The complexities of Kubernetes directly contributes to its flexibility. So, unfortunately, they’re something you’ll have to live with if you choose to go with Kubernetes. Your teams will be able to efficiently deploy and manage a significant amount of infrastructure with greater operational velocity. The key: You need specialised, knowledgeable developers on your team to be able to effectively manage the complexities as they come. If you don’t have the resource on your team, or aren’t prepared to build out the team, you can bypass the complexities of Kubernetes by using a Kubernetes management platform.
Is it too expensive?
Kubernetes is often branded as ‘too expensive’, but it’s a system designed for large scale. So, small scale applications that only need one or two servers are going to feel a cost burden, and also aren’t likely to be able to truly take advantage of all of the benefits. Remember, one of the key concepts of Kubernetes is resiliency.
To get the benefit of resiliency with Kubernetes, you need more nodes than the minimum required amount. If your solution is small and you only have a few applications to host, you should consider whether the costs are worth the effort. And, Speaking of spiralling costs, Kubernetes developers cost a pretty penny. With salaries often exceeding six figures, building an average-sized team can skyrocket to a million pounds and beyond.
In September 2020, the median salary for a job that requires ‘Kubernetes skills’ was £67,500, with the 90th percentile salary being £102,500 (taken from a sample of 3,616 UK salaries from IT JobsWatch)
Another cost frustration is that it’s extremely difficult for organisations to realistically predict project costs from the infrastructure perspective, leading to unexpected, ballooning cloud costs. Pricing from the cloud providers are complex, which obscures organisations from the real costs of Cloud.
Different clouds have different pricing points, and with the complexity of those pricing schemes it is difficult to determine which cloud would be the best and the most cost effective option for a new project. Understanding those costs differences across three different clouds could take a week of research, a process that then needs to be repeated for every new project. The way you configure cloud services could go a thousand different ways, with each one ending with a different total cost. What you end up paying also depends on individual factors, like your operating system, the level of support you need and whether you pay by the hour or the month. Or, if you have any discounts to add to the mix. To add insult to injury, cloud providers switch up their pricing on a regular basis. There’s a good chance that after all of that tedious research spent on figuring out the best deal, it will no longer be the case.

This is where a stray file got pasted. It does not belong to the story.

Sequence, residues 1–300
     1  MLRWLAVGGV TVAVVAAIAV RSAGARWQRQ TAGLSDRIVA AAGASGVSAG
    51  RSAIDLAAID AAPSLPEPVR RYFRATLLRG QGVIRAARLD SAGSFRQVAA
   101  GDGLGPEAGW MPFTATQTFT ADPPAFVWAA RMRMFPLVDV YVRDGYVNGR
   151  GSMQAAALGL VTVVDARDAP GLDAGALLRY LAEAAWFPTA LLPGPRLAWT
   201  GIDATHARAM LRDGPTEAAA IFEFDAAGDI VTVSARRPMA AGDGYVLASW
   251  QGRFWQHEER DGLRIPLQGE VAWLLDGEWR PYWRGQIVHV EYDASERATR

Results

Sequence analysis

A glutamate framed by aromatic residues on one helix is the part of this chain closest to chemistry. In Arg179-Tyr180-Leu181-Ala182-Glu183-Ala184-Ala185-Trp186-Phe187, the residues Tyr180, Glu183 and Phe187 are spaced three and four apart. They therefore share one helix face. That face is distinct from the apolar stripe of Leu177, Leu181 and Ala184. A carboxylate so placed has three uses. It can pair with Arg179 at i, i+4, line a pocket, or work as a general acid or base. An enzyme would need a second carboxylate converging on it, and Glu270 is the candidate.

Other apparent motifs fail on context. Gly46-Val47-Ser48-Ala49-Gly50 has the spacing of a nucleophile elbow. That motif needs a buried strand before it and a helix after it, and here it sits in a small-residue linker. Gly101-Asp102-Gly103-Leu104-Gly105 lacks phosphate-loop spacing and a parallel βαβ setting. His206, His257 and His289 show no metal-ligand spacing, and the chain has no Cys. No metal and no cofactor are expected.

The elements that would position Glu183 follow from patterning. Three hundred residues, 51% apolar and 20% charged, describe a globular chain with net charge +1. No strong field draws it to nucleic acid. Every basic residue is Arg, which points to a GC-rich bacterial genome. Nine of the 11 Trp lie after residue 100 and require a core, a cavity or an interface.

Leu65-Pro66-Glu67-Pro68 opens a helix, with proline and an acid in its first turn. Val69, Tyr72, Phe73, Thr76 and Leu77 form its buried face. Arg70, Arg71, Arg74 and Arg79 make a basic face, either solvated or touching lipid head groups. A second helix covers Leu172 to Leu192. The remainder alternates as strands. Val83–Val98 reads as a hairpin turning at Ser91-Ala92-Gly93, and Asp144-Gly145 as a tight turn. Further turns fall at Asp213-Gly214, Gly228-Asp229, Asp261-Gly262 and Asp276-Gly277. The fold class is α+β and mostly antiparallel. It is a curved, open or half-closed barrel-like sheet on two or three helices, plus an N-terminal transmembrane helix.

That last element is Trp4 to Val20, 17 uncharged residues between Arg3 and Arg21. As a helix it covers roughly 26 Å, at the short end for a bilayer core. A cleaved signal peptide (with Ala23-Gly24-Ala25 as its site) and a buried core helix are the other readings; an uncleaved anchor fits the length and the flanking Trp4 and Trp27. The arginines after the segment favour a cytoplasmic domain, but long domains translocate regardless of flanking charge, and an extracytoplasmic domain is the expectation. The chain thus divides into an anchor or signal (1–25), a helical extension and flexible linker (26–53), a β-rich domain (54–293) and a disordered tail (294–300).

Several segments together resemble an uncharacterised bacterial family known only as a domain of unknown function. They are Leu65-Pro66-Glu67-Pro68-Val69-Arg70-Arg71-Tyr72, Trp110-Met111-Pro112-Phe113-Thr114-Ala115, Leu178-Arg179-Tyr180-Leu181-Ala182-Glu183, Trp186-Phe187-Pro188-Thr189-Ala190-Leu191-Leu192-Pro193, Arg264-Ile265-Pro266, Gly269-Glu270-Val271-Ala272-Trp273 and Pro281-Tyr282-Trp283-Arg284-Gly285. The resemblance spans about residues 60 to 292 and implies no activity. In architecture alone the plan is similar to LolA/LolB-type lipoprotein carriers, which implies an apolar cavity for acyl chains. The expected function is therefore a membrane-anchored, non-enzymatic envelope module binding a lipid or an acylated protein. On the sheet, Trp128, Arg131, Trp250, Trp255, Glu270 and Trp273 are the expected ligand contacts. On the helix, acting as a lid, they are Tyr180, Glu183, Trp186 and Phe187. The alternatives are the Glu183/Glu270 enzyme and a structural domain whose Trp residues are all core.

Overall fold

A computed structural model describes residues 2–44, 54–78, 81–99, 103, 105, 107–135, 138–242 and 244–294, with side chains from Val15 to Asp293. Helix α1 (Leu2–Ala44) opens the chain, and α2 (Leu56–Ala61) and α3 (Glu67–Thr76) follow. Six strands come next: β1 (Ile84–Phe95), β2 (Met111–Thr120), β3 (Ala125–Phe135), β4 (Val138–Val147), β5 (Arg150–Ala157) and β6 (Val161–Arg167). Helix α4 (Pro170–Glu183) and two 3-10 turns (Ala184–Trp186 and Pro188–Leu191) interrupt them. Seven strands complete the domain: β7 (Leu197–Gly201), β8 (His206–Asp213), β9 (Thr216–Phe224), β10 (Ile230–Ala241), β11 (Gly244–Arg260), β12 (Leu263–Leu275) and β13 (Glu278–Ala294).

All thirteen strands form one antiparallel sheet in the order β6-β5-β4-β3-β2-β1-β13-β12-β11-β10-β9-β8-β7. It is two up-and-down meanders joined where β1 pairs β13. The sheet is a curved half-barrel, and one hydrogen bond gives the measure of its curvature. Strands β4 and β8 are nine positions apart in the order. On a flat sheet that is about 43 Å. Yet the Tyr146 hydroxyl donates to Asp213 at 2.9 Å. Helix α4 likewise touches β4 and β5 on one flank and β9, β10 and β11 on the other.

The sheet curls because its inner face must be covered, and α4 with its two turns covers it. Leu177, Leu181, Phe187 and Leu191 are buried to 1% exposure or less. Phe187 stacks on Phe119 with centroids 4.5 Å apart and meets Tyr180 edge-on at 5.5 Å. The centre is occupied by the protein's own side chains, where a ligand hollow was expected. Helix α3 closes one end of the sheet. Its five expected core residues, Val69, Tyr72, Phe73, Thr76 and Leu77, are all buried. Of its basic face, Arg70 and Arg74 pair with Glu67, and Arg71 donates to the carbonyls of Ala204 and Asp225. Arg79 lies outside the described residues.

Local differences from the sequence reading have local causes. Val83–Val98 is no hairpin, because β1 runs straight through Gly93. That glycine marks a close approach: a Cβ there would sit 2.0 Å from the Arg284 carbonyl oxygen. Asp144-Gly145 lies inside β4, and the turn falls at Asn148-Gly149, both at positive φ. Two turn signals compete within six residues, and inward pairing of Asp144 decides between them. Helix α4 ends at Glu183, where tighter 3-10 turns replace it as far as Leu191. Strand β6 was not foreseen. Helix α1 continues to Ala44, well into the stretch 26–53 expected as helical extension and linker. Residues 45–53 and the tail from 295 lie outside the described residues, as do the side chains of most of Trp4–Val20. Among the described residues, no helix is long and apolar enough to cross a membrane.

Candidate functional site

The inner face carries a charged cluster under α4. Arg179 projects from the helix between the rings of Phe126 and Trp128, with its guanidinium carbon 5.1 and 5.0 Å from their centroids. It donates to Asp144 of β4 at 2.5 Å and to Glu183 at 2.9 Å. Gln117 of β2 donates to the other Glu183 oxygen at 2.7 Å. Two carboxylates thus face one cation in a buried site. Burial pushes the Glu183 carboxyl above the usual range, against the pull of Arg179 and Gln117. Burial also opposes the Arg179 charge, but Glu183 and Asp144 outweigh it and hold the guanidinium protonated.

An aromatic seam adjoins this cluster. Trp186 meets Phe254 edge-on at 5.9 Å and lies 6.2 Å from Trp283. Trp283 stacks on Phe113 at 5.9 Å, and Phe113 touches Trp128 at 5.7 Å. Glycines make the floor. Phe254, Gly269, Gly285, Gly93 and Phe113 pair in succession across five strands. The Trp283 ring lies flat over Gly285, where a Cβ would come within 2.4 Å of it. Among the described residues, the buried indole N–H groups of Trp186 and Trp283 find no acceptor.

It’s not easier to understand price breakdowns of existing projects either. Cloud providers charge for the entire organisation’s cloud costs under one umbrella - costs aren’t broken down into projects or, more understandably, teams. So, it’s increasingly difficult to stick to budget, manage resources and optimise spending. Decisions are delayed, and money is easily lost.
When you’re managing Kubernetes in-house, the responsibility is completely on teams to carve out that cost visibility. It puts a lot of pressure on development and devops teams, who are rightfully focused on security and delivery. Instead of managing the full load, consider using Kubernetes through a platform that has some of these time and money-saving capabilities built in. Outsourcing allows you to develop faster, access more insights and tools, troubleshoot issues, and maintain heightened security standards.
Is Kubernetes worth it?
The golden question: Do the benefits of Kubernetes outweigh the complexity and potential expense? You need to consider the amount of time and resources you’re willing to devote to Kubernetes. Do you have the knowledge and expertise in your team? If not, you need to be willing to acquire it or look to a product to streamline the benefits of deploying applications with Kubernetes at scale and at a lower cost.
To take full advantage of Kubernetes, organisations need the ability to automate the work that is draining to time, budget and resources. Learn more about Kubernetes and get started with our Intro Guide to Kubernetes or get in touch to easily streamline your Kubernetes journey.